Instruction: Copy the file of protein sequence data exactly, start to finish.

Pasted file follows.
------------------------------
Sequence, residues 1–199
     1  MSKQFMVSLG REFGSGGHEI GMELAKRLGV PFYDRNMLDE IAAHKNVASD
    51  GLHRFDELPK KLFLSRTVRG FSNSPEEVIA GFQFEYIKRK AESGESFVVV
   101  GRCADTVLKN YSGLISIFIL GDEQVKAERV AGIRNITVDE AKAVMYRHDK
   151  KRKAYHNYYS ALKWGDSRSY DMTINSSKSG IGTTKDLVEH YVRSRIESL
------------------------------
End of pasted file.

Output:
Sequence, residues 1–199
     1  MSKQFMVSLG REFGSGGHEI GMELAKRLGV PFYDRNMLDE IAAHKNVASD
    51  GLHRFDELPK KLFLSRTVRG FSNSPEEVIA GFQFEYIKRK AESGESFVVV
   101  GRCADTVLKN YSGLISIFIL GDEQVKAERV AGIRNITVDE AKAVMYRHDK
   151  KRKAYHNYYS ALKWGDSRSY DMTINSSKSG IGTTKDLVEH YVRSRIESL